Invasion of Alara ($1) – I adore WUBRG cards. I’m pretty close to making a Commander deck with that as the theme. I only have one 5-color deck right now, and it’s the Ur-Dragon. I tried The Kami War in there, and found it mediocre, but I think this Invasion is one of the best even if you don’t flip it. You’re getting your five mana back, statistically speaking, and then there’s an enormous payoff for dealing the 7 damage. Given that this is already so cheap, I’m hesitant to say it’ll go up, especially when looking at the graphs for things like The Kami War. It’ll be bulk, and it’ll likely stay there.

Rampaging Raptor ($0.75) – Questing Beast was a mythic, and just couldn’t be blocked by small things. This is clearly worst than the Beast, but not by much. The problem is, what deck does this go into? There’s barely a market for it in Standard, unless a deck takes off that is hyper-focused on battles. Still, if this is the top end for a super-aggressive red deck, it has great potential to climb out of its trench. If it starts moving, be prepared to move with it.

Cliff (@WordOfCommander) has been writing for MTGPrice since 2013, and is an eager Commander player, Draft enthusiast, and Cube fanatic. A high school science teacher by day, he’s also the official substitute teacher of the MTG Fast Finance podcast. If you’re ever at a GP and you see a giant flashing ‘CUBE DRAFT’ sign, go over, say hi, and be ready to draft.

Pro Trader: The Best Bad Color


Welcome to another installment of the series “Jason writes an article.” Sometimes it is on here, sometimes on other sites, but always article. This is the 541st article I have written on MTG Price, and if that sounds bonkers to you, it is to me, also. Today I am not going to do my normal article from my perspective, fearing it might seem exactly the same from your perspective and that I have been overthinking it for 540 articles, and that’s just this site. What I think I am doing differently is that I’m going to talk about a color then the cards in that color. I don’t always do exactly that. It’s different. Shut up.

What’s the worst color in Commander? That’s right, Red, and it isn’t close. But a few years ago, people would still have said Red. But a few years before that, probably still Red. The point is, White has almost always been the second worst color, some argued the worst, because it didn’t mana ramp as hard. We have seen every possible variation on Knight of the White Orchid and by now there are two or three Archaeomancer’s Map-tier cards in White that make it keep up nicely with the Green-based ramp decks. I have seen a Demonic Tutor used as a Farseek more than once, but, sure, White is the worst at it. Black has Cabal Coffers, Green has mana dorks and Cultivate, Blue has mana dorks and Cultivate if you built correctly and added Green, and Red has Seething Song. What does White have? Well, lately, it’s had everything.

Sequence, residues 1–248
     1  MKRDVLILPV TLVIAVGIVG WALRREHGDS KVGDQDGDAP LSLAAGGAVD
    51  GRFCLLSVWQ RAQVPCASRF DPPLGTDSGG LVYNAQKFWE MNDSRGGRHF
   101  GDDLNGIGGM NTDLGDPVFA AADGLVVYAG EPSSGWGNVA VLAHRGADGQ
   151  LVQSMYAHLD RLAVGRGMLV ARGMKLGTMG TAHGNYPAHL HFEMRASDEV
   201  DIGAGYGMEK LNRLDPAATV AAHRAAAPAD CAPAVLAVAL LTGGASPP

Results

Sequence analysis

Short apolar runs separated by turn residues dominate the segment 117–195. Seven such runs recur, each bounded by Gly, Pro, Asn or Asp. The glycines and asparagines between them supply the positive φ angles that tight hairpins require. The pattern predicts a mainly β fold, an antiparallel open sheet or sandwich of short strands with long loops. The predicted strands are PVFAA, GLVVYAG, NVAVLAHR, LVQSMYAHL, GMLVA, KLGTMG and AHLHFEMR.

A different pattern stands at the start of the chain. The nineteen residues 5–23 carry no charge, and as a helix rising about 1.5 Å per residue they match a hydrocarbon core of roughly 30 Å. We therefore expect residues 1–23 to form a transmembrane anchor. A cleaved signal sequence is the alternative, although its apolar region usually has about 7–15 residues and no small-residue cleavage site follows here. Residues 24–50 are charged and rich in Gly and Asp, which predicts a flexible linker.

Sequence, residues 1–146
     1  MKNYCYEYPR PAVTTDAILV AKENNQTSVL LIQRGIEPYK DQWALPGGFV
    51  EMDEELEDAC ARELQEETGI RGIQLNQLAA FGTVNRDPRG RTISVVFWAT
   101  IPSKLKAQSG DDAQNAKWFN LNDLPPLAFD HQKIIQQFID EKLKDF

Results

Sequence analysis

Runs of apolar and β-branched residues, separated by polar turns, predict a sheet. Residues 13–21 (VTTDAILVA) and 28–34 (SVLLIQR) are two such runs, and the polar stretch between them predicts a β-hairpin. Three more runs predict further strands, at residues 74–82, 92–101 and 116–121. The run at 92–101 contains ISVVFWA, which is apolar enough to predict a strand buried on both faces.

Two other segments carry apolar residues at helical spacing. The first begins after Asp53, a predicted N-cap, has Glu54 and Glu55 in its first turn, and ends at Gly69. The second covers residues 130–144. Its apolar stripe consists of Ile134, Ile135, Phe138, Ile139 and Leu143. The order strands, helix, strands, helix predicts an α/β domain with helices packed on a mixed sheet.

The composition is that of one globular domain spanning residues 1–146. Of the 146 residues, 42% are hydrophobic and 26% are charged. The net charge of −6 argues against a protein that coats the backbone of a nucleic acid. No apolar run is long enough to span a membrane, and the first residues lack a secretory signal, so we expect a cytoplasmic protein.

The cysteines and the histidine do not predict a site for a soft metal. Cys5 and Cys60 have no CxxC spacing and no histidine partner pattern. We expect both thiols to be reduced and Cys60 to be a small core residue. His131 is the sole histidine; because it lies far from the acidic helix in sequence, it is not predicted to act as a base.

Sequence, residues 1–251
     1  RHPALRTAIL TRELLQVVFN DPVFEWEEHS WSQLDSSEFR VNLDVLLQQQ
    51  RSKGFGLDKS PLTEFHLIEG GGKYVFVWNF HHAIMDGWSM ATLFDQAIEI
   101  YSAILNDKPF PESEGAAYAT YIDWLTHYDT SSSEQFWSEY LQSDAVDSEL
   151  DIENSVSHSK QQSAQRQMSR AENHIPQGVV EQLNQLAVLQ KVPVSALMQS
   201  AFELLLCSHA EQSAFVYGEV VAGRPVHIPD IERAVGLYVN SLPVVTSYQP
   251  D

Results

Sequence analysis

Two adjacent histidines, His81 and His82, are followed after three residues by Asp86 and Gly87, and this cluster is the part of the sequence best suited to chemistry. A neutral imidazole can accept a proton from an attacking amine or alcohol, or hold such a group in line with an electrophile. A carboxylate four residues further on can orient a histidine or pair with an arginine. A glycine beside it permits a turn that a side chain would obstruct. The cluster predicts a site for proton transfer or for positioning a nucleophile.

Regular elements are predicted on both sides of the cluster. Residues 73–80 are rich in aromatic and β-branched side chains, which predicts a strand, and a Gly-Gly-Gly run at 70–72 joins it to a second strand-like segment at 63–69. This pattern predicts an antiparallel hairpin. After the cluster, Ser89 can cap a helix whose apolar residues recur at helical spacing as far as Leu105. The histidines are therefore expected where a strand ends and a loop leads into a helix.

I wasn’t even going to write this specific article until I decided to look at the most-played cards in the, well the set that has most recently been fully-spoiled, I guess. We have 8 cards revealed from March of the Machine, the perfect amount of cards to have revealed before you reveal a million-dollar one-of-a-kind collectible card and a White Remand. And let’s be clear about something else – I just found out about the White Remand because I was procrastinating on twitter between paragraphs – I had no idea White got a Remand, a card that’s basically good everywhere except for EDH, until after I had started my “White gets everything these days, huh?” article. White IS getting a lot, if not everything, and one trip to EDHREC will bear that out.

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ProTrader: Magic doesn’t have to be expensive.

Pro Trader: Dominaria United Breaks into Modern, Pioneer

Dominaria United (DMU) had an immediate impact on Pioneer and Modern tournaments over the weekend, which was a much-needed change after four months of lingering without new cards. Liliana of the Veil lived up to the hype, seeing significant play across Pioneer. This was generally expected, and I discussed this topic last week. But there were many other breakout stars from DMU that slid into existing shells along with a few that helps push old archetypes back into the spotlight. These early results will be studied further, tested, and refined in the coming weeks. The result will be that some of these cards will stick around while others will slowly fade away as quickly as they came. Let’s check out the new hot tech, shall we?